• Keep temperatures warm
  • Ensure there’s adequate airflow.

These jewel orchid care tips can help you avoid any problems with air moisture levels.

How to Fertilize Jewel Orchid

A jewel orchid benefits from regular feeding during spring and summer. Use a balanced houseplant fertilizer or orchid feed and dilute it to half strength. It would be best if you held off fertilizing during winter when the plant’s growth slows down. However, you can fertilize jewel orchids in the fall to encourage blooming when the flower spikes emerge.

It’s best to reduce fertilizing frequency if you notice brown tips on leaves. Over-fertilization can sometimes cause the dark green leaves to develop brown patches.

Pruning a Jewel Orchid

Pruning a jewel orchid is rarely necessary. You can trim off emerging flower stalks if you’re not fussy about the orchid’s flowers. Otherwise, the only need to prune a jewel orchid is to divide the stems or roots if the plant is getting too big.

How to Propagate Ludisia discolor?

Jewel orchid propagation is straightforward through stem cuttings or root division. It’s easy to break off a piece of stem that has a few leaves on it. Alternatively, you can divide the jewel orchid’s root into two or three sections when repotting the plant.

To root the stems cuttings, place the end in some moist potting soil in a pot. Cover the pot with a plastic bag to seal in heat and moisture. Mist the soil every few days to keep the soil moist and boost humidity. It should take about two months for roots to appear.

Repotting a Jewel Orchid

Repotting a jewel orchid every year allows you to refresh the potting soil and give the orchid more room to grow. You should remove the orchid from its container, inspect the roots for damage, and divide the plant if necessary. Repot in a new container with an appropriate fresh potting soil.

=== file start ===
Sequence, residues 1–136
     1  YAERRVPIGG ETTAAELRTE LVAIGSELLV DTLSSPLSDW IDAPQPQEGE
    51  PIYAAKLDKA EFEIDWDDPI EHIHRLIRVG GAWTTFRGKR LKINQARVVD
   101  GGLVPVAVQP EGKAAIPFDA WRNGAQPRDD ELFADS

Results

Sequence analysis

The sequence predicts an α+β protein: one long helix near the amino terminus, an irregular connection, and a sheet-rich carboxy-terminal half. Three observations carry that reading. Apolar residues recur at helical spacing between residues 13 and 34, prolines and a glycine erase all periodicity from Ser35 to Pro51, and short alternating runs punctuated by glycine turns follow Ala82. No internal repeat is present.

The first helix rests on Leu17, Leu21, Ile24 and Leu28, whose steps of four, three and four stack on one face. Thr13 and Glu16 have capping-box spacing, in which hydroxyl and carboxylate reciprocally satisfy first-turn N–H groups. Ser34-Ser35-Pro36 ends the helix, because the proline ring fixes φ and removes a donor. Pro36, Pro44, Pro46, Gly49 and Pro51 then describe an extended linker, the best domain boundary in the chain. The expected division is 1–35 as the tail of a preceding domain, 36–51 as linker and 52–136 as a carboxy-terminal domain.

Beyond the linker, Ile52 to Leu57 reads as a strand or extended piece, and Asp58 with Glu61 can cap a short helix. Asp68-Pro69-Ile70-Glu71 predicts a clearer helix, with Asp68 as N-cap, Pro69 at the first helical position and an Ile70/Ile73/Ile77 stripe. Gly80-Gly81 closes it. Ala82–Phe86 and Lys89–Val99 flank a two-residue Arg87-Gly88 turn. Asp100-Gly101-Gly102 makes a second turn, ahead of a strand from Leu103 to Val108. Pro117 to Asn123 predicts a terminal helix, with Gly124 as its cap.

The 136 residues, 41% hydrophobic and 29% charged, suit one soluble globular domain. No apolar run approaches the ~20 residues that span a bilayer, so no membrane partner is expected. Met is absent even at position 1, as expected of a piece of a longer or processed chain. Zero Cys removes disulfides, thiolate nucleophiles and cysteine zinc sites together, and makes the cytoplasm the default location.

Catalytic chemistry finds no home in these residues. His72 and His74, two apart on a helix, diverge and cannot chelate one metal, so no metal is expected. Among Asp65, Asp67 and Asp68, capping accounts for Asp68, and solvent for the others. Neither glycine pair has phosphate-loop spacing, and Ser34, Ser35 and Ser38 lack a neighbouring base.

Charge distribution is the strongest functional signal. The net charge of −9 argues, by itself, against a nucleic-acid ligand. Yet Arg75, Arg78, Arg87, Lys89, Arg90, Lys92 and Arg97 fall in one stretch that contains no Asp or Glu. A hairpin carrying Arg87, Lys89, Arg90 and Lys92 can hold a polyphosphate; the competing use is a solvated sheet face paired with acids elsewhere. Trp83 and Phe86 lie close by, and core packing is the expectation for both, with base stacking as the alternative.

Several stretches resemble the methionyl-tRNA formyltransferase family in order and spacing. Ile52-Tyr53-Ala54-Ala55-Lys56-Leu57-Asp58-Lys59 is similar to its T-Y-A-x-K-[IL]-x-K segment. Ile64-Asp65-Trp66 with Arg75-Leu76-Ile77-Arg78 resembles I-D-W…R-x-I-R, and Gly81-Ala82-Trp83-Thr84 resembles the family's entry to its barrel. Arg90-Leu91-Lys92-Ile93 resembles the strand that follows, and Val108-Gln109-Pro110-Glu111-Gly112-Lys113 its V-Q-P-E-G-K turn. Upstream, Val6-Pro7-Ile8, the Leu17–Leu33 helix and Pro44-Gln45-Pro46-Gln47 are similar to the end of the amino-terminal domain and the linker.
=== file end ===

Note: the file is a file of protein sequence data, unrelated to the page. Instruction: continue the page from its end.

A jewel orchid can quickly fill its pot, becoming overcrowded and stressed. Signs you need to repot a jewel orchid include leaf drop and roots poking out the soil’s surface.

Pests Affecting Jewel Orchid Growth

Mealybugs and scale insects are common houseplant pests that affect jewel orchids. Remove the plant-destroying bugs by dabbing them with rubbing alcohol to kill the pests on contact. Alternatively, use a natural neem oil pesticide to get rid of mealybugs and scale insects from orchids and other houseplants.

Mealybugs look like small fuzzy white insects on orchid stems and leaves. These destructive pests also leave behind a cotton wool-like substance on plant foliage. Like scale insects, mealybugs suck on plant sap, eventually destroying the orchid.

Related reading: How to make a DIY neem oil bug spray.

Diseases Affecting Jewel Orchid Growth

Plant diseases are uncommon on jewel orchids if you care for them properly. However, powdery mildew, root rot, and leaf spot can affect jewel orchids if there’s too much moisture in the soil or not enough air circulation. You may have to prune damaged foliage or change the potting mix to resolve these issues.

Related reading: How to get rid of powdery mildew.

Is a Jewel Orchid Toxic?

Jewel orchid is not poisonous to cats, dogs, or other pets. According to the ASPCA, Ludisia discolor (formerly Haemaria discolor) is a non-toxic type of orchid.

Jewel Orchid (Ludisia discolor) Care — FAQ

Although jewel orchids are easy houseplants, there are a few issues that can affect the orchid’s growth.

How do I get my jewel orchids to bloom more?

To get more flowers on a jewel orchid, you can apply fertilizer twice a week in early fall. A boost of nutrients encourages more flowers to emerge. After the buds appear, you should stop fertilizing during late fall and winter.

What does it mean when jewel orchid leaves curl?

Curling leaves on jewel orchids such as the Ludisia and Macodes species could indicate low humidity levels. Ensure that your orchid’s soil gets enough hydration to boost growth. If the leaves still curl, sit the orchid pot on a pebble tray with water to increase air humidity levels.

Why doesn’t my jewel orchid have any flowers? 

Reasons for jewel orchids not producing flowers can be inadequate light or not enough water. To encourage healthy blooming, make sure the orchid grows in medium to bright light, protected from direct sunlight. It’s also necessary to water jewel orchids just enough to keep the soil moist.

What to do about yellowing Ludisia discolor leaves?

Jewel orchid leaves that turn yellow is usually a sign of overwatering. If you notice yellow lower leaves, hold off watering until the orchid soil partially dries. Then, keep your orchid watered just enough so the soil is slightly moist. Orchid roots that sit in waterlogged soil become diseased and turn leaves yellow.